Dedicating the Summer 2009 quarter to fieldwork in Indonesia is essential to my prospective doctoral research, provisionally entitled Faqirs Running Amok in Colonial Southeast Asia: Orality, ‘Internal’ History and Saint-Making. The Lemelson Fellowship will support my efforts to: access ‘oral literature’ through extended visits to various shrine libraries and bazaars, and record oral histories through interviews with diverse transmitters of saintly traditions. Interviews will help me assess the historical value of hagiographies, first-hand accounts of dreams or visions, and traditions of fantasy and hearsay (circulating stories), through their didactic functions within the worlds of narrators. Interview data will support one of the preoccupations of my research: accessing an ‘internal’ history of saints in the colonial Malay world, in terms of how devotees' perceptions of their saints differed from certain colonial understandings of the ‘faqir problem.’ Visits to shrine libraries and bazaars constitute another preoccupation of my research. Contrary to the notion shared by some historians of Islamic printing, I hope that my fieldwork will add that numerous Sufi elders in Southeast Asia have not only been able to use print technologies but also been able to re-entrench their authority within writing. I look upon my trip as an opportunity to understand the circumstances under which twentieth and twenty-first century hagiographies on colonial Muslim saints have been produced and consumed. Through my fieldwork, I hope to continue a pattern within certain circles of scholarship which challenges the neglect of post-medieval Sufi literature. The histories of story-telling, madness, magic and healing which make up my research are not ones that have received much scholarly attention in the discipline of history as a whole, let alone in the history of Southeast Asian Sufism.
In this project, I examine whether and how administrative unit boundary changes implemented under decentralization influence the level of ethnic violence in Indonesia. In my attempt to explain the spatial and temporal distribution of violence in Indonesia, I shift attention away from national politics in Jakarta, focus instead on politics at the districts, and employ both statistical and qualitative methods. My study lies at the intersection of decentralization, ethnic politics, and conflict studies. I hope to contribute to these literatures by identifying ways and conditions under which boundary change produces more violence, explaining why ethnic violence occurred, and providing insights on how decentralization manages ethnic tension in plural societies.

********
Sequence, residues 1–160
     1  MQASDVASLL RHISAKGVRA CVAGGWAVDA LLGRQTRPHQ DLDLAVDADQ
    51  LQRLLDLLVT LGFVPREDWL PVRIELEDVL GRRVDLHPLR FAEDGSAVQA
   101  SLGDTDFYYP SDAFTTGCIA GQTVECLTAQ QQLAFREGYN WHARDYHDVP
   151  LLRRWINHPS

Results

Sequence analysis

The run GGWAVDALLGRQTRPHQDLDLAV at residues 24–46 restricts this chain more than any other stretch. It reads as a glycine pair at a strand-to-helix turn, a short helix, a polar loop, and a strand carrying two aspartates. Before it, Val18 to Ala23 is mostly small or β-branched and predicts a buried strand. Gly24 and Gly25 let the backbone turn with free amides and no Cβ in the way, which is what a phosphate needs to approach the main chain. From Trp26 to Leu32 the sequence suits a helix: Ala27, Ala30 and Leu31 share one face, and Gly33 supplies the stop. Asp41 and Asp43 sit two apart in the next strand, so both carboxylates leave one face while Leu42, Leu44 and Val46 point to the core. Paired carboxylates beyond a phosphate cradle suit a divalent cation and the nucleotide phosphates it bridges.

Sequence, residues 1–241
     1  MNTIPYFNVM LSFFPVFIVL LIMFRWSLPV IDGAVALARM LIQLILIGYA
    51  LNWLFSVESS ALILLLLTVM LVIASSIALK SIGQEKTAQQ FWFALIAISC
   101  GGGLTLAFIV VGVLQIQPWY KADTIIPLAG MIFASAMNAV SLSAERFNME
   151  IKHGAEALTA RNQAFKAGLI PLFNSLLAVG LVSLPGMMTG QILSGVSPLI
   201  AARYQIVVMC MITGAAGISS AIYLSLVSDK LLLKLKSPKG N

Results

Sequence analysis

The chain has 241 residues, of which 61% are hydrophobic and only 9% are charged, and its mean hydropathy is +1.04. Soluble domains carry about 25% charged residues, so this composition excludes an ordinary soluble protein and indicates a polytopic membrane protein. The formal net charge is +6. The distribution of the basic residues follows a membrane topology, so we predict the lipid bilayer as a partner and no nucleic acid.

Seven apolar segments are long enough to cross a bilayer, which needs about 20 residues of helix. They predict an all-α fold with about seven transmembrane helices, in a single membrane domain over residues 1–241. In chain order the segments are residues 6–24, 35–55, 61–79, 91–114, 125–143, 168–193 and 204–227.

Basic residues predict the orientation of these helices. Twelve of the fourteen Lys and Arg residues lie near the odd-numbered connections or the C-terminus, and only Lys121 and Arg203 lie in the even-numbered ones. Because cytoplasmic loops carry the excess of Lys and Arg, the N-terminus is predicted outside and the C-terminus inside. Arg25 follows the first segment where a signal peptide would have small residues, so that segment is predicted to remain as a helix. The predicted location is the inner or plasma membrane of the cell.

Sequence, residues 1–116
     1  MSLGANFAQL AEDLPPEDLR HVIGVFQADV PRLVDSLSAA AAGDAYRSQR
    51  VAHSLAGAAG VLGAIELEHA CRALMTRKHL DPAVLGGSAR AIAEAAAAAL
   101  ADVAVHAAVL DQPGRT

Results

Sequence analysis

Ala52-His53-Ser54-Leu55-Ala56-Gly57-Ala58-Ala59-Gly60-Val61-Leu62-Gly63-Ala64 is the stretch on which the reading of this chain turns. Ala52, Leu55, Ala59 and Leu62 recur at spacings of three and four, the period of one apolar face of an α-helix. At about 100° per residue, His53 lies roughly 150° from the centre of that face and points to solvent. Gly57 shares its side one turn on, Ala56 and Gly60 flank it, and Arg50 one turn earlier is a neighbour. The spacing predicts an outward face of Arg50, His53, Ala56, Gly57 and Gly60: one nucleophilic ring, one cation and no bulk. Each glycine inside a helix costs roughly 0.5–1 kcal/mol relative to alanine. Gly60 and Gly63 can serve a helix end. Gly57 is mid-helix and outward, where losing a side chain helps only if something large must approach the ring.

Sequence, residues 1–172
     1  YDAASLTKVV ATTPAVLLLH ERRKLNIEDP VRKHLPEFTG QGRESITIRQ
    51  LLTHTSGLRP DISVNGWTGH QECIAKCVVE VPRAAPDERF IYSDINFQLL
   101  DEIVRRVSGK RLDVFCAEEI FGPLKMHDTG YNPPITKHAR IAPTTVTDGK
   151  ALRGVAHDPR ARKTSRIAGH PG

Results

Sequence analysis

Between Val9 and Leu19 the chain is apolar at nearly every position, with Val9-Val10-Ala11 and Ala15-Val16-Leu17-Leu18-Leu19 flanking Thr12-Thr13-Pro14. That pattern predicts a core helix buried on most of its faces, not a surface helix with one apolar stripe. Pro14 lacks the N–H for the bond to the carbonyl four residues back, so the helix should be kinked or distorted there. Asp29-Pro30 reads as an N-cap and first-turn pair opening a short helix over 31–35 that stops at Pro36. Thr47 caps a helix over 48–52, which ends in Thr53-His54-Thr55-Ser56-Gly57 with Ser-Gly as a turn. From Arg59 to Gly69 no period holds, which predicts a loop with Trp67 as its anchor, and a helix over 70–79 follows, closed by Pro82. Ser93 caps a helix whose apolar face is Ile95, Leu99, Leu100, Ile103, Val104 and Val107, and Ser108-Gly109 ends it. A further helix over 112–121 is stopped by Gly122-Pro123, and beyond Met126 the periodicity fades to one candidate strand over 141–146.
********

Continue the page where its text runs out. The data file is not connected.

Kim Twarog is studying the use of traditional Indonesian dance as a healing tool for tsunami survivors in Aceh, Indonesia. She will be using the Lemelson funds to travel to the University of Melbourne and Monash University in Australia to examine visual, audio and textual materials pertaining to traditional Indonesian dance. Monash University houses one of the most extensive collections of Acehnese performing arts materials. In addition to accessing these resources, Kim will also benefit from meetings with Professor Margaret Kartomi, who has published widely about Acehnese dance and music, and has recently begun to investigate how Acehnese performing arts have been affected by the 2004 tsunami. Visiting the Asian Institute and the Aceh Research Training Institute (ARTI), located at the University of Melbourne, will also significantly enhance Kim’s understanding of the specific effects of the tsunami upon Acehnese culture and society.
Published: Tuesday, March 24, 2009